National Bank of Arizona Helps Legal Aid Groups Ensure a Brighter Future for Woman and Children
Arizona attorney January Contreras co-founded ALWAYS (Arizona Legal Women and Youth Services) in 2013 as a way to give those who have faced extremely difficult circumstances an opportunity to move forward in life. The Phoenix-based nonprofit—which is funded by various family foundations, the Department of Justice and individual donations— provides free legal services to those impacted by homelessness, domestic and sexual abuse, human trafficking and the foster care system in Maricopa and Pima counties.
“There’s a real need for people, especially young people, to have a lawyer. Different people are dealing with different obstacles, whether it’s a threat to their safety, not being able to move past mistakes, or finding an immigration path that works. People need lawyers. That’s what ALWAYS does,” Contreras says. An Arizona native who received her law degree from the University
of Arizona, Contreras is a longtime advocate of the underserved community. Through ALWAYS, she’s able to help victims of society’s ills navigate the justice system as they seek safety, stability, and self-sufficiency.
“Many of our clients are living on the edge. They don’t think there are a lot of options and are stuck in their situations,” Contreras says of the factors affecting ALWAYS clientele, 80 percent of which are women and children. Plus, they often have trust issues with systems, whether it’s the foster care system or the judicial system.
“It’s hard for them to trust someone who says, “I’m going to be here for you and I’m going to stick with you,’ ” says Contreras. “I’m proud to earn the trust of the people we serve and help them move from a point of fear or hopelessness to a point of achieving their dreams for themselves and their kids.”
An in-demand focus is working to clean up clients’ criminal records, especially sex trafficking survivors whose backgrounds prevent them from leading productive lives, according to Contreras.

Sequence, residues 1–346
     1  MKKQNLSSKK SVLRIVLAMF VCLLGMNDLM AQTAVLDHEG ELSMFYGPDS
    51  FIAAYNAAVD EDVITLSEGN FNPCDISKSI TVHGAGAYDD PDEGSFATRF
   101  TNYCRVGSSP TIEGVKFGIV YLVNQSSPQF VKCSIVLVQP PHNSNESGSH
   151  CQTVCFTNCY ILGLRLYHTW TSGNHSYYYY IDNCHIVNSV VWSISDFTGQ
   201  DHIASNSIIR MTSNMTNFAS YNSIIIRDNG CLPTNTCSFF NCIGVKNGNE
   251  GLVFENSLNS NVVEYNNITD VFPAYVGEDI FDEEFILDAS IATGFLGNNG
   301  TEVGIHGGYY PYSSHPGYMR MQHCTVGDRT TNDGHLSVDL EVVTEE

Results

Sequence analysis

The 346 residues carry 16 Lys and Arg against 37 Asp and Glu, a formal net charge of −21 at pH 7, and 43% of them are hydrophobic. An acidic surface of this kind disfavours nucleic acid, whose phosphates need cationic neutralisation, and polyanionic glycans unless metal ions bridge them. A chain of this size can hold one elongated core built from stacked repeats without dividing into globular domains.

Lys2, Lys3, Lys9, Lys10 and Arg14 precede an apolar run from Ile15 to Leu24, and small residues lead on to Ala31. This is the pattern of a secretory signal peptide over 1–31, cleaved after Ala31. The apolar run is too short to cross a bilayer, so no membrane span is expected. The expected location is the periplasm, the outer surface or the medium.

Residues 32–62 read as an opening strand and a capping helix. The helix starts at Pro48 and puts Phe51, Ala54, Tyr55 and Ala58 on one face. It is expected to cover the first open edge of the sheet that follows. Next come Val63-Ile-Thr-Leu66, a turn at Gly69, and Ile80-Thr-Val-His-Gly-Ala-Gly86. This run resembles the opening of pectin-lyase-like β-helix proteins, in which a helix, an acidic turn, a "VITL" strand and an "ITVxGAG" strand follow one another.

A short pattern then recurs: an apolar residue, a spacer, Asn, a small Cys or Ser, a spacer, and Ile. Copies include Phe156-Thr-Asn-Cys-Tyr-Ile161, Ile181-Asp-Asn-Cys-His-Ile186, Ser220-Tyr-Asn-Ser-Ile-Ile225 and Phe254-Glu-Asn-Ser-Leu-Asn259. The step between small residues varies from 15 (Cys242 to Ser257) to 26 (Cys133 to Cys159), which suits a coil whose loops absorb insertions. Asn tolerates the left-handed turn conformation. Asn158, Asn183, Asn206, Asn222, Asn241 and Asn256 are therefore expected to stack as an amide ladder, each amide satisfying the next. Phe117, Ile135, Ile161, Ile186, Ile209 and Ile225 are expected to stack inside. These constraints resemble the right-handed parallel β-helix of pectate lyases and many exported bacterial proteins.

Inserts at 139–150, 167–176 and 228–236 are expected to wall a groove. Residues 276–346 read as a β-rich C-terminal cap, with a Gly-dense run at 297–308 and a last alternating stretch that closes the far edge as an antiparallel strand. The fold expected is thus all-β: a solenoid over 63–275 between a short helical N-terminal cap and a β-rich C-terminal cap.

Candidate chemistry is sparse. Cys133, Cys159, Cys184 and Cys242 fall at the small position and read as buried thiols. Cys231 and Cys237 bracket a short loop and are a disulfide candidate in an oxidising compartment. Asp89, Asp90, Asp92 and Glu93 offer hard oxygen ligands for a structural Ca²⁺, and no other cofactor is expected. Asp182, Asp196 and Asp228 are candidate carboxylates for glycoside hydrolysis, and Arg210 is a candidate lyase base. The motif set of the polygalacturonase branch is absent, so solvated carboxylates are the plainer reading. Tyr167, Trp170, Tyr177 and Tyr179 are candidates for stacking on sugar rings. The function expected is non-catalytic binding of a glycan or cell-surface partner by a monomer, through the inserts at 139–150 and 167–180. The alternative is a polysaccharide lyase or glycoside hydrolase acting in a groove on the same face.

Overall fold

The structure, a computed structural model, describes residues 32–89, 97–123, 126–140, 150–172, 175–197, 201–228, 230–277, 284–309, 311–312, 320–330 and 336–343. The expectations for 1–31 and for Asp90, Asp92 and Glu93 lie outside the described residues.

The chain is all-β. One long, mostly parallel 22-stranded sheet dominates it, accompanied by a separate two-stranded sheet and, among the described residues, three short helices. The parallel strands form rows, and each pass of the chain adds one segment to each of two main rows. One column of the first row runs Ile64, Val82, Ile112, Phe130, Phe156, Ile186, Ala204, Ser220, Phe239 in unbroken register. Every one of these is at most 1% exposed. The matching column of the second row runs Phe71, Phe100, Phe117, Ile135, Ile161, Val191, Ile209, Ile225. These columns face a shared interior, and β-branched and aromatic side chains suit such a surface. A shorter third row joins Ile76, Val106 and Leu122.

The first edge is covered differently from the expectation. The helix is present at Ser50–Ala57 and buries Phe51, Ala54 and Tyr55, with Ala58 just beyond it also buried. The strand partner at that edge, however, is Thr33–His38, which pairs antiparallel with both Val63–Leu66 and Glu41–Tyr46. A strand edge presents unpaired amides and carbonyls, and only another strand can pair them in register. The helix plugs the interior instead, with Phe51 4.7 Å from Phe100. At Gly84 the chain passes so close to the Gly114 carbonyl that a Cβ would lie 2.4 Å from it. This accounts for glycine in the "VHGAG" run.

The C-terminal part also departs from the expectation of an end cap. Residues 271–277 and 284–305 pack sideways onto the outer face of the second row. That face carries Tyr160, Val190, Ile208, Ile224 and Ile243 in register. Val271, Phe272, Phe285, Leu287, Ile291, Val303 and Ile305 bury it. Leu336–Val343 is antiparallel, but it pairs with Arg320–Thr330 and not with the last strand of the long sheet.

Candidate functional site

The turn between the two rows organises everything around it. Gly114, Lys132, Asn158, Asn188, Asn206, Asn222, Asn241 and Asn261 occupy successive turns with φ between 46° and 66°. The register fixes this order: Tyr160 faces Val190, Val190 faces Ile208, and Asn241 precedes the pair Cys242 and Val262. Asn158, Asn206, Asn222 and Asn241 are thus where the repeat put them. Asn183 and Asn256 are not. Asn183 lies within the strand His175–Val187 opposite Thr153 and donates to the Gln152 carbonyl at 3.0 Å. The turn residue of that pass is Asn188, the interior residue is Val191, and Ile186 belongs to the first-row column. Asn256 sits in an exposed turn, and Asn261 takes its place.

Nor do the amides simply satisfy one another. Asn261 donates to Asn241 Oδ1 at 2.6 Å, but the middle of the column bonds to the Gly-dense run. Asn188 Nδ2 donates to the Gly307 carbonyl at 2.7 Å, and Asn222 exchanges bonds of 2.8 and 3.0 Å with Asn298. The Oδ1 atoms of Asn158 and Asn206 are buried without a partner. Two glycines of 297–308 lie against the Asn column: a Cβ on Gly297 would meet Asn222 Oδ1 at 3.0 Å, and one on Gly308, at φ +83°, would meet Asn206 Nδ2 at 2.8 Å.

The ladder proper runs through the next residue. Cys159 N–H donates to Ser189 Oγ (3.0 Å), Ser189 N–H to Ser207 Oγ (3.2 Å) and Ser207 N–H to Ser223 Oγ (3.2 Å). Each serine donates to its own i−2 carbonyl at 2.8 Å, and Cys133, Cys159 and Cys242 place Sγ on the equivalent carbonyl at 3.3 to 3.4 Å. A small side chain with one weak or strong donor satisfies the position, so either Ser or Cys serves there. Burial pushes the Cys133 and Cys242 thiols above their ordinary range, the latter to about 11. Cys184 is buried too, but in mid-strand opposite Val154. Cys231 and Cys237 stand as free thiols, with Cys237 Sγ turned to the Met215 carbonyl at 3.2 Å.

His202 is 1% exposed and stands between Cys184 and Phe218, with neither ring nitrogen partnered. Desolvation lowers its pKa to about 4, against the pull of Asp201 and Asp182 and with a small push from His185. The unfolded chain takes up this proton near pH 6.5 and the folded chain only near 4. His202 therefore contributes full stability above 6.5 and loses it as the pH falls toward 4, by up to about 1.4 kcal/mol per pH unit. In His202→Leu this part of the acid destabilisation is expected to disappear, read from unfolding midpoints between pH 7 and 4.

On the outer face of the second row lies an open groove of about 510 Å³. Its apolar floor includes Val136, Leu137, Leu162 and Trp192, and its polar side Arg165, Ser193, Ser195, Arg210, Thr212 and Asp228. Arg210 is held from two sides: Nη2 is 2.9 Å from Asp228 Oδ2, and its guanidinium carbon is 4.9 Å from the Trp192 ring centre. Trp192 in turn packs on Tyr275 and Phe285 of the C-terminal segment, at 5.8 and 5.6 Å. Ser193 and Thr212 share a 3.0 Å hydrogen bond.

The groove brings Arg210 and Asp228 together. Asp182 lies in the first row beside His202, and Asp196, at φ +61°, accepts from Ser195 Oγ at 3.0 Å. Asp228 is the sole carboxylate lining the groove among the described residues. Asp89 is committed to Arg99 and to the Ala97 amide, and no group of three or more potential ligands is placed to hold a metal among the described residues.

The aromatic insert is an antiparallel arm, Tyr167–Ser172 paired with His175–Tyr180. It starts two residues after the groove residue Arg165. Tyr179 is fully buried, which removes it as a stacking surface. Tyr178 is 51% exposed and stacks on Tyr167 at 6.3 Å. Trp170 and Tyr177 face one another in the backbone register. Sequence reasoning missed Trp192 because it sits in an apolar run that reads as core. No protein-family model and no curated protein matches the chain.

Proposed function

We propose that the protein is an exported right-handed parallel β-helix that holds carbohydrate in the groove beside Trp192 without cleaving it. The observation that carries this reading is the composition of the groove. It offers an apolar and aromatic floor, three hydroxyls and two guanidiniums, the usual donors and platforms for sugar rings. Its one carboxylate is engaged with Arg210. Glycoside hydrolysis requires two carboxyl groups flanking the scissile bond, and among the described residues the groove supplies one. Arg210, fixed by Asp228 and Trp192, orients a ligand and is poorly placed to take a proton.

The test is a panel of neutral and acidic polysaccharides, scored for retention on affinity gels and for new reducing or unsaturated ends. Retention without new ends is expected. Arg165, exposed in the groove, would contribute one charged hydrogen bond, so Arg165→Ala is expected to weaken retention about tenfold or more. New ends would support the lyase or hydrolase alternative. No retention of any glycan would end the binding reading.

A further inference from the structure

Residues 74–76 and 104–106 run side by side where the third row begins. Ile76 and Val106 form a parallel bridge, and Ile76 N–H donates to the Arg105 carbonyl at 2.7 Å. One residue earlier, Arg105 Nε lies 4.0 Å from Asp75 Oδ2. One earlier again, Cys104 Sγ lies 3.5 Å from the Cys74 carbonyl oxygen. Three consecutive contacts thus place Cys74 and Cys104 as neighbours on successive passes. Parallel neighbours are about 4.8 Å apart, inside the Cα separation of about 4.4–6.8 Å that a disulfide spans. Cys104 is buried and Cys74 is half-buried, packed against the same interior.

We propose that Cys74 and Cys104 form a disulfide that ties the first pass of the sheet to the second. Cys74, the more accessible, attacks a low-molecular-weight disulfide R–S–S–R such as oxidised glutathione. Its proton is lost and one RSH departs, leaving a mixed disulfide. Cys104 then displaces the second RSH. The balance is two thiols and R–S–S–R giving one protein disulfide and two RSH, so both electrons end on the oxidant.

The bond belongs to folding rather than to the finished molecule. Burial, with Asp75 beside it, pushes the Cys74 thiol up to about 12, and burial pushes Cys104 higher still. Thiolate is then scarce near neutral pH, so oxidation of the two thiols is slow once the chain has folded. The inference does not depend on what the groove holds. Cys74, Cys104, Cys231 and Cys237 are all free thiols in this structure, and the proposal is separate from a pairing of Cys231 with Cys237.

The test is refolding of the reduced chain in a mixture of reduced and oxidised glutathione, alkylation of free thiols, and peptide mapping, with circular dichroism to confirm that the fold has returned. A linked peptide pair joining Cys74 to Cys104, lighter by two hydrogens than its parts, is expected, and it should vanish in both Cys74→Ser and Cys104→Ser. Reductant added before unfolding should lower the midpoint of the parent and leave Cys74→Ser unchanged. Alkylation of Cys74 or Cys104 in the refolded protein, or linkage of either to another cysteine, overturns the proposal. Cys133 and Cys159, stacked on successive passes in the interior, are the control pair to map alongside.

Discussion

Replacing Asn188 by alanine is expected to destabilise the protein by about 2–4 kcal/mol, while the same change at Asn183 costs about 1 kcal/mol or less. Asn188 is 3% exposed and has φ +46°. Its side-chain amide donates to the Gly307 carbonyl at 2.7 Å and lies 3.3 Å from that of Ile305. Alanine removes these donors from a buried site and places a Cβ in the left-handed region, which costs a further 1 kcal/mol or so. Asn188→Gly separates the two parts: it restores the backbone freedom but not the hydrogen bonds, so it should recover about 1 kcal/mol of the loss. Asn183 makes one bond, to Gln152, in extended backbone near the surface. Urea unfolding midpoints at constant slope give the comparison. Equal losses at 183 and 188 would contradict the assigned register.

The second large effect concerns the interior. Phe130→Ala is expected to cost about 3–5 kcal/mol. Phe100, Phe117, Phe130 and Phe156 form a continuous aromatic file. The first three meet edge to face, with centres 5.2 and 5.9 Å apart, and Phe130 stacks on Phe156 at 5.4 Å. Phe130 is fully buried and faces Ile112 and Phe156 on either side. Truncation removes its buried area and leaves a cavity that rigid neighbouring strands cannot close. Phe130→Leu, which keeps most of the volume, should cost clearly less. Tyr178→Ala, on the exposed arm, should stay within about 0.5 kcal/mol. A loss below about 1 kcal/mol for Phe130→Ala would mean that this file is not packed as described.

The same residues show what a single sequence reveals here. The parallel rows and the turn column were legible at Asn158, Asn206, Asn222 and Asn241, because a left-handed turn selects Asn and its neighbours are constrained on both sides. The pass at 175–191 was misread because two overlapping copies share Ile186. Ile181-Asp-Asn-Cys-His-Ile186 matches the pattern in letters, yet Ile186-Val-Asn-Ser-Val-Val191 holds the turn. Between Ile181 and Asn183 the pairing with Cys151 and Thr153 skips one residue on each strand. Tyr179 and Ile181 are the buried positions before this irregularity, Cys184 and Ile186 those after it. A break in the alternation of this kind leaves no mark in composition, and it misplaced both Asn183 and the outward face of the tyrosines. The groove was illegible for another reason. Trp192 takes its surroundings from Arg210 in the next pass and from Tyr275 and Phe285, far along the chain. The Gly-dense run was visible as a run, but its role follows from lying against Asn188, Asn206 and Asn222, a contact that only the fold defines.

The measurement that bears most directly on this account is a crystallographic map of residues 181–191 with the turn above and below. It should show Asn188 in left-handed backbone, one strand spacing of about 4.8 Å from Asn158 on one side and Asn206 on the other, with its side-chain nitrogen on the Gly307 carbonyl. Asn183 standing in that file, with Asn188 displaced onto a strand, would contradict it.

“One of our clients wanted to volunteer at her son’s school, but couldn’t pass a fingerprint clearance,” she says. “A lot of times, clients aren’t even aware of the depth of their criminal histories or interaction with law enforcement from state to state. We try to piece together the details of their journey. Our client was able to tell her story to the judge, get her clearance card, and feel like a whole person again.”
As the CEO, CIO, CFO and managing attorney of ALWAYS, Contreras’ responsibilities include being a good steward of its financial resources. “Even though we are a nonprofit, the bottom line is we are a law firm that provides low-cost, high-quality legal advocacy,” says the attorney whose staff of four represents between 170 and 200 cases a year. “We’re careful about managing our caseload to maintain our standards.”
A few years ago, Contreras moved the organization’s savings account—and this year its checking and credit cards—to NB|AZ to avoid paying costly fees for common banking transactions, like
getting a cashier’s check. A quick response from the bank also makes it easier for Contreras to conduct business. “The personal attention I get helps me do my job more effectively.”
Helping Contreras do just that is Pamela Keefe, VP, Nonprofit Relationship Manager at NB|AZ. “As a bank, we want to be there for clients and offer them products and services they can utilize as they grow,” she explains. “But we do things differently. In general, we have nonprofit products that are sensitive to fees.”
Yet, the relationship ALWAYS has with NB|AZ extends far beyond simple banking transactions that are quick and fee-friendly. “We have set ourselves apart, advocating right alongside our nonprofit clients. Relationships are everything to us,” says Keefe. “We can’t write a check, but we can certainly advocate for nonprofit clients such as ALWAYS, like using Arizona Business Today and other marketing channels to spread the word about their mission.”
Most of ALWAYS’ clients are referred by organizations that already serve people in need. “We don’t really advertise our services. Instead, we depend on referrals from organizations like those who are helping homeless youths, young adults in foster care, and those in domestic violence shelters,” says Contreras. “We receive more than enough cases from our network. I look forward to the day when no one needs our help.”
In the meantime, ALWAYS clients have every right to the support they receive so they can start to rebuild their lives, according to Contreras. “I want to make sure we are there for young people when they need our help. They deserve our respect.”